Film veteran spends most of his time playing with blues band
By Adrian Chamberlain
The 59-year-old is the leader of Gary Farmer and the Troublemakers, a hard-rocking blues act inspired by John Lee Hooker and Howlin' Wolf. The band--playing 100-plus gigs a year--is his main creative focus. As Farmer puts it: "I decided to retire to music."
Singing may have become his mainstay, but the Ontario-born performer--now based in Santa Fe, New Mexico--is best known as the veteran film actor who appeared in Jim Jarmusch's Dead Man in 1995 with Johnny Depp.
Farmer has acted in more than 100 movies and TV shows. Film credits include a lead in Powwow Highway (1989) and many roles with marquee Hollywood names: Marlon Brando and Robert De Niro in The Score (2001) and Lou Diamond Phillips in the Robert Redford-produced thriller The Dark Wind (1991).
When Victoria theatre director Brian Richmond offered Farmer the role of Lennie in Of Mice and Men--a stage adaptation of the classic 1937 John Steinbeck novella--he quickly agreed. It's a happy artistic reunion for the pair. Richmond previously directed Farmer, playing the same role, in Magnus Theatre's Of Mice and Men in the mid-1980s.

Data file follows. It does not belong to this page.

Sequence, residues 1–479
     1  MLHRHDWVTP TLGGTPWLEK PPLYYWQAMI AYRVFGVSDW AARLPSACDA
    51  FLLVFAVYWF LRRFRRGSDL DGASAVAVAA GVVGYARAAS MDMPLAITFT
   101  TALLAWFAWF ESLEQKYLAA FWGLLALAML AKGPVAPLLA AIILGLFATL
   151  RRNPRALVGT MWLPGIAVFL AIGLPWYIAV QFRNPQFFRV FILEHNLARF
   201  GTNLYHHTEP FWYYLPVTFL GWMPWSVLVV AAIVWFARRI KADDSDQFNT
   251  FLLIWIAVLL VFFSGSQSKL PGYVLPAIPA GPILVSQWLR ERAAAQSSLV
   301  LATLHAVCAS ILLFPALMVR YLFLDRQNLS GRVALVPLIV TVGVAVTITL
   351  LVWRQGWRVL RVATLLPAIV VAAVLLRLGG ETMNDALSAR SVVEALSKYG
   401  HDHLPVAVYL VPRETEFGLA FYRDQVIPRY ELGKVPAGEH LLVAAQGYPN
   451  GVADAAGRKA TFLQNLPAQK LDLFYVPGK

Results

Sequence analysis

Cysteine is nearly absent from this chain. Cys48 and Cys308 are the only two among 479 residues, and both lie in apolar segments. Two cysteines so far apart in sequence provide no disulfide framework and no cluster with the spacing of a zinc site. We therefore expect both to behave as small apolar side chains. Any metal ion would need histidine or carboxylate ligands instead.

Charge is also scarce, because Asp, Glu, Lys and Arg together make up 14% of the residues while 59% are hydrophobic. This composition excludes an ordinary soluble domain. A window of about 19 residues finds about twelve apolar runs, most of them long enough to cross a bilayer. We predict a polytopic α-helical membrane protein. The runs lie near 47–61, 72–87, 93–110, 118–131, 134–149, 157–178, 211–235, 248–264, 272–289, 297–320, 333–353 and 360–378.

"I thought, 'Who could I cast in the role?' I couldn't think of anybody but Gary doing it," said Richmond, who maintains Farmer is one of the leading aboriginal actors of his generation.
For more on Native actors in classic plays, see Tamara Podemski in A Midsummer's Night Dream and Schellenberg's King Lear Reviewed.
Below: "Actor Gary farmer takes a break from rehearsing at UVic's Phoenix Theatre this week. Farmer stars in Blue Bridge Repertory Theatre's production of Steinbeck's Of Mice and Men." (Lyle Stafford, timescolonist.com)